There are two risks to turning your hydraulic brakes upside-down.
The brake system isn't filled to overflowing with hydraulic fluid: there's likely to be a small air bubble. Normally, this sits at the highest point of the system: the oil reservoir at the brake lever. There, it's not compressed by the piston when you brake, so it can't interfere with braking. If you up-end your bike, air bubbles might travel through the system to the brake pads. If they don't manage to make it back up to the reservoir before you want to brake, you might find your brakes are squishier than usual. 15 minutes is perhaps a pessimistic estimate, and it's not that much of a risk unless you get on your bike and right away need to brake very hard.
The other potential problem is if the seals in the oil reservoir aren't quite tight. You might not notice in normal use, because they're at the top, but when they're at the bottom of the system, the pressure might let some brake fluid seep out. If you notice this happening, stop turning your bike upside-down, and make sure to check that you still have enough fluid to brake properly. If it keeps happening after you've re-tightened the seal, you may need to change the rubber grommet(s). Often rubber seals are dissolved over time by the oil, and stop doing their job properly.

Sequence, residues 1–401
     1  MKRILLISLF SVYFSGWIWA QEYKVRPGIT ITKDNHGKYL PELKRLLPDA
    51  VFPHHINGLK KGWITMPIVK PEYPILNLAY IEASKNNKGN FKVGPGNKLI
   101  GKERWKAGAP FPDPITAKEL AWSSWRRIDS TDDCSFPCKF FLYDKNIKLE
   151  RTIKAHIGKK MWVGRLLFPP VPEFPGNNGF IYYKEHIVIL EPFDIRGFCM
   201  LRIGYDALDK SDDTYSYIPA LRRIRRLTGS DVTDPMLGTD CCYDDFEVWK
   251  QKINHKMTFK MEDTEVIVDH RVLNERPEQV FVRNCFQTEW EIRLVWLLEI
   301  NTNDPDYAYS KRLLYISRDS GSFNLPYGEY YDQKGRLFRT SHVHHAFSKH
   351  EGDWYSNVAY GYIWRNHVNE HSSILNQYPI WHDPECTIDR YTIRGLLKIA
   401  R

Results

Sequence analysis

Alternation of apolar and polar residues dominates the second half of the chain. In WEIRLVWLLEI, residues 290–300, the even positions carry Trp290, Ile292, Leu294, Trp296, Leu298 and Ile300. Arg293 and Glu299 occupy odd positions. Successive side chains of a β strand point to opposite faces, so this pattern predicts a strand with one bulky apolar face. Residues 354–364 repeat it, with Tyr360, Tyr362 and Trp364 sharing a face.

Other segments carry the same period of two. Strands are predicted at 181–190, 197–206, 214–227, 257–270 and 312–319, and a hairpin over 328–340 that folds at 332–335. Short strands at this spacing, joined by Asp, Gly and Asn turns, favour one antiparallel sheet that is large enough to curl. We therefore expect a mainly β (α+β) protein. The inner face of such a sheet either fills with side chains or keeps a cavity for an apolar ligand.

As others have said in the comments, you'd be better off avoiding the need to turn your bike upside-down. Find where the water is getting into the frame and seal any gaps. Some bikes already come with holes in the bottom in case they need to drain, and you might consider adding your own.